The mould is cleaned and freed from any surface moistures and then the concrete is placed in three layers. Each layer is tamped 25 times with a standard tamping rod (16 mm dia, 0.6 meter length). Immediately after filling, the cone is slowly lifted and the concrete is allowed to subside. The decrease in the height of the center of the slumped concrete is called slump and is measured to the nearest 5mm.

If the concrete subsides evenly all round, the slump measured is true slump. If one half of the cone slides down an inclined plane, a shear slump is said to have taken place and the test has to be repeated. Too wet mix shows collapsible nature of slump.

Compacting factor test

This test is generally carried out in laboratory but can be used in site also. It is particularly useful for concrete mixes of very low workability (or very dry concrete) as they are insensitive to slump test.

This test works on the principle of determining the degree of compaction achieved by a standard amount of work done by allowing the concrete to fall through a standard height.

Container Top diameter (mm) Bottom diameter (mm) Height (mm)
Upper hopper 254 127 279
Lower hopper 229 127 229
Cylinder 152 152 305
Distance between bottom of upper hopper and top of lower hopper = 203 mm
Distance between bottom of lower hopper and top of cylinder = 203 mm

The concrete is placed in the upper hopper gently so that no effort is applied to produce compaction. The bottom door is opened so that the concrete falls on the lower hopper. Again the bottom door of the lower hopper is opened and the concrete falls on the cylinder. After removing the excess concrete by the help of blades, the weight of the cylinder (known volume) is taken to nearest 10 grams. This weight is known as “weight of partially compacted concrete”. The cylinder is emptied and then filled with the same sample rammed heavily so as to obtain full compaction. The cylinder is weighed to nearest 10 grams. This weight is known as “weight of fully compacted concrete”.

Compacting factor = (weight  of partially compacted concrete) / (weight  of fully compacted concrete)

Vee-Bee test

Vee-Bee test is a good laboratory test suitable for stiff concrete mixes having low and very low workability. It consists of a vibrating table, a metal pot, a sheet of metal cone and a standard iron rod.

In this test, Slump test as mentioned above is performed by placing the slump cone inside the sheet metal cylindrical pot. Then the vibration is started and the time on a stop watch is noted. The time taken by the concrete to take cylindrical shape after the conical shape disappears is noted. This time recorded is known as Vee-Bee Degree or Vee-Bee seconds.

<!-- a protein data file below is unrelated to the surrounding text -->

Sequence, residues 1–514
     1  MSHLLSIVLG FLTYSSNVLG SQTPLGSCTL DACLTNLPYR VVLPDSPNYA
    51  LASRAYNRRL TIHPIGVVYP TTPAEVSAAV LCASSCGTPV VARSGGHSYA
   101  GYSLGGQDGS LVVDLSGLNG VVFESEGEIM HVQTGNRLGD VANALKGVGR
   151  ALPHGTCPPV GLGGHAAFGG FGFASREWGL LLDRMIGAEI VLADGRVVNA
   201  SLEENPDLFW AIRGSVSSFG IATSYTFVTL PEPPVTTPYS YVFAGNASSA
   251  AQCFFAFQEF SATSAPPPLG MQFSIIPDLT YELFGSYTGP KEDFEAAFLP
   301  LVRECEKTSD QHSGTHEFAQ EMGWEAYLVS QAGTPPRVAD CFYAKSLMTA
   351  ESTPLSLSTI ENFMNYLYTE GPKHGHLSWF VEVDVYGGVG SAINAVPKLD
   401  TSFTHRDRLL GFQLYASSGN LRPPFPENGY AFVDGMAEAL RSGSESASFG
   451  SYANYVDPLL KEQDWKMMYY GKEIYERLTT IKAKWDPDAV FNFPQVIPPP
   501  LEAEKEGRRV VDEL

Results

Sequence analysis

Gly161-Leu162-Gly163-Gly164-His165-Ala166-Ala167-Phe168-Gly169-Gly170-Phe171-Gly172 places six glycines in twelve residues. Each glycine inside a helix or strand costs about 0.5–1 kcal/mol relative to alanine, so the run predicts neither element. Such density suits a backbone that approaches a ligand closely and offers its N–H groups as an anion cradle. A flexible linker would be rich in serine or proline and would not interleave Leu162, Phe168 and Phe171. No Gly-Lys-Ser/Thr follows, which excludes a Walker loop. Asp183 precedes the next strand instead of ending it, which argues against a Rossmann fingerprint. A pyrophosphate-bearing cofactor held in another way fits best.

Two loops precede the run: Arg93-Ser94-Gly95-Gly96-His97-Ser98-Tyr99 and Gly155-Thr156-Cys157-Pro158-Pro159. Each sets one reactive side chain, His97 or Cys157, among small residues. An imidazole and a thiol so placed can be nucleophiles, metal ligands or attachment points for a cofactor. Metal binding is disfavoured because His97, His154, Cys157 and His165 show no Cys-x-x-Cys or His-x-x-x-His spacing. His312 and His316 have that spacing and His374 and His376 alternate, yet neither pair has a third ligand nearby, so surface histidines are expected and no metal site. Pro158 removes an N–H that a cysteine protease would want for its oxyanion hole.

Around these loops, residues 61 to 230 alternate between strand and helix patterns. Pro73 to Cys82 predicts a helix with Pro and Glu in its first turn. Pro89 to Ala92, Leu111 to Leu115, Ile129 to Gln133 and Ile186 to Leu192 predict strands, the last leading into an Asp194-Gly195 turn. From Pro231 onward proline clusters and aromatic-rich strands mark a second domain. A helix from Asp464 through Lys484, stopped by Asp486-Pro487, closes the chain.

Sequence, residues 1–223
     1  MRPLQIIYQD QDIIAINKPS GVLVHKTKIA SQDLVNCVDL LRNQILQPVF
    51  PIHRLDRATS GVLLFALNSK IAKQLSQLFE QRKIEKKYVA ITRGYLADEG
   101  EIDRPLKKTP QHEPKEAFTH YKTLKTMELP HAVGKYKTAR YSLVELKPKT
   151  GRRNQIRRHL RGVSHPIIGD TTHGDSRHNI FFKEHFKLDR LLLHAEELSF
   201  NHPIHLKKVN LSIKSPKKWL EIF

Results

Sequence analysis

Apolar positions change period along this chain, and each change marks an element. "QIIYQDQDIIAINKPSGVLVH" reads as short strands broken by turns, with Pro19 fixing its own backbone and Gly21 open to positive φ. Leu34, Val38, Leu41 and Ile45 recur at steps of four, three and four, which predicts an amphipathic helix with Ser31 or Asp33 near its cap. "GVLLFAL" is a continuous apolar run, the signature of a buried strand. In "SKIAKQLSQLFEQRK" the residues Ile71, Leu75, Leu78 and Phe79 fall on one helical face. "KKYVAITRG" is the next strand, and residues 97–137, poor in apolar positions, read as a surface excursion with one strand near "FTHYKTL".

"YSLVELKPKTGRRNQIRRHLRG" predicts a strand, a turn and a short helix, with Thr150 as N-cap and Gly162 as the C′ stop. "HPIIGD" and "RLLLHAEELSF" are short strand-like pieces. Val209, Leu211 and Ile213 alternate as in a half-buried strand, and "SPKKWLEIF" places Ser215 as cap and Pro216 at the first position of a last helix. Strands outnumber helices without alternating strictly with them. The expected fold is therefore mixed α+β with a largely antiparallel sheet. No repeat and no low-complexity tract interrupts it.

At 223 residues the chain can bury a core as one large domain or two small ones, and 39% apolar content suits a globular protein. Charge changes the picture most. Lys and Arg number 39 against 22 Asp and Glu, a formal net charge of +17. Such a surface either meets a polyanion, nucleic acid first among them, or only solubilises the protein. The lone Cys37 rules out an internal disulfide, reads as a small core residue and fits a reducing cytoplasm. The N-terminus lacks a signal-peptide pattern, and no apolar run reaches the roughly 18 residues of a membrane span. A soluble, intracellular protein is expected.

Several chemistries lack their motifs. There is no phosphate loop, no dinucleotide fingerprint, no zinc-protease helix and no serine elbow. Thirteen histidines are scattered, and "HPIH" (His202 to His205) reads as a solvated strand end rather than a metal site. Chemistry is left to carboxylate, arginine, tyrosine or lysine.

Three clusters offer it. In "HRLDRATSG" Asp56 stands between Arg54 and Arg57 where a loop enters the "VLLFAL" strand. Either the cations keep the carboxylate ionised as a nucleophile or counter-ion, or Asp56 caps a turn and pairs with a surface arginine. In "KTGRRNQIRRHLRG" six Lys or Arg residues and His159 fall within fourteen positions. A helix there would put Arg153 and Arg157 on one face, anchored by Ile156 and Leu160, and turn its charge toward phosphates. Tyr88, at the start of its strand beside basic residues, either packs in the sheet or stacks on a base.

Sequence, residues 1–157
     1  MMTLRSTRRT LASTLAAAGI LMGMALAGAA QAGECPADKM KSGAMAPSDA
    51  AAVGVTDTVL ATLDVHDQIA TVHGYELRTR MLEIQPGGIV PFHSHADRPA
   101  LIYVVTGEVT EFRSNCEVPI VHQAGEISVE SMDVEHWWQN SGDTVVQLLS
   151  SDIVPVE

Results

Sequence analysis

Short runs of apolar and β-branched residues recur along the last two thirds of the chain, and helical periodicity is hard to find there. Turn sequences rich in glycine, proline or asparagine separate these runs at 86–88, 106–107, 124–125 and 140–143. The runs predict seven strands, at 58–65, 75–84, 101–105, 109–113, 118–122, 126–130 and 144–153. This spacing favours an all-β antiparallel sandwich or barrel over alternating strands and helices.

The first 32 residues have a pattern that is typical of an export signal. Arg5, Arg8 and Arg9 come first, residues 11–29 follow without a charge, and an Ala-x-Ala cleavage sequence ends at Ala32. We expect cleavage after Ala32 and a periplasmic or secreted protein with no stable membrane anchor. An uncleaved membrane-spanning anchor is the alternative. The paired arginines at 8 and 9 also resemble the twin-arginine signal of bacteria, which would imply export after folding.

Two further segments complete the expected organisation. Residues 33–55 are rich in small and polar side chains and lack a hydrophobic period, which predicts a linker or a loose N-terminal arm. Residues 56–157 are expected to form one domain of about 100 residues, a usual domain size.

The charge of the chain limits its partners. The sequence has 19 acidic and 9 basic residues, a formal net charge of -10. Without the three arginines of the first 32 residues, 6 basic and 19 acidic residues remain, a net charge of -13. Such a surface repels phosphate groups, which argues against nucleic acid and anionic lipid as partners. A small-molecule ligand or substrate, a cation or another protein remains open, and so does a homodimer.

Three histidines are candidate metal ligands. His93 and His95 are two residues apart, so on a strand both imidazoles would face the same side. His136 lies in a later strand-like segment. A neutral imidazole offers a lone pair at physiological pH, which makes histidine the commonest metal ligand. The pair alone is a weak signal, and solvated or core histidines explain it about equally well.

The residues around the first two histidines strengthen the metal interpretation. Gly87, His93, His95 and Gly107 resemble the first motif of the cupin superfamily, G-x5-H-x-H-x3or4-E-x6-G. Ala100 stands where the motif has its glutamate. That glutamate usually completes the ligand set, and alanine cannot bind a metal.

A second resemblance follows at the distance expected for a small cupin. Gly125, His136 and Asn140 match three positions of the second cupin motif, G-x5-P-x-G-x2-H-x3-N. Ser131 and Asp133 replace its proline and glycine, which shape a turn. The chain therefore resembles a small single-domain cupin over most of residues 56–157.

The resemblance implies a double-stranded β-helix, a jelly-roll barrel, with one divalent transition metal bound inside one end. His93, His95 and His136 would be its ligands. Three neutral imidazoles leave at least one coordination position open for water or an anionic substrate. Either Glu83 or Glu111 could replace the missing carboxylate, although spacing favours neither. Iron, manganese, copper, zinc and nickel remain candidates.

Workability of concrete (comparison of Slump test, Compacting Factor Test and Vee-Bee Test)
Degree of workability Slump (mm) Compacting factor Vee-Bee Test

(seconds)

Suitability
Very low 0 – 25 0.78 20 – 10 ·         Roads where mechanical vibrators are used.
Low 25 – 50 0.85 10 – 5 ·         Roads where compaction is done manually.

·         Mass concrete foundations without vibration.

·         Lightly reinforced sections with vibration.

Medium 25 – 100 0.92 5 – 2 ·         Manually compacted flat slabs.

·         Manually compacted normal reinforced concrete.

·         Heavily reinforced sections with vibration.

High 100 – 175 0.95 2 – 0 ·         Sections with congested reinforcement without vibration.

Flow Test

This is a laboratory test. It gives an indication of the quality of the concrete with respect to consistency, cohesiveness and the proneness to segregation. The spread of the flow of the concrete is measured and this is related to workability. This test is best suitable for flowing concrete made by the use of superplasticizing admixtures.

Kelly Ball Test

This is a simple field test consisting of the determination of the indentation made by 15 cm diameter metal hemisphere weighing 13.6 kg when freely placed on fresh concrete. It is quite faster and provides precise measurement of workability than slump test. But it requires large amount of concrete to be performed.

Please follow and like us:

Related Post

Layout of Building Layout of a building or a structure shows the plan of its foundation on the ground surface according to its drawings, so that excavation can be carrie...
Shotcrete Types – Gunite The gunite is a mixture of cement and sand, in the proportion of 1:3. It is the term given for “dry shotcrete process”. Guniting is the most effective...
Concrete mix ratio We all know that on mixing cement with sand, stone/aggregates and water, a paste will form which can be used to bind the building materials together. ...
Types of Scaffolding What is scaffolding? The temporary framework (either timber or steel) having platforms at different level which enables masons to sit and carry on co...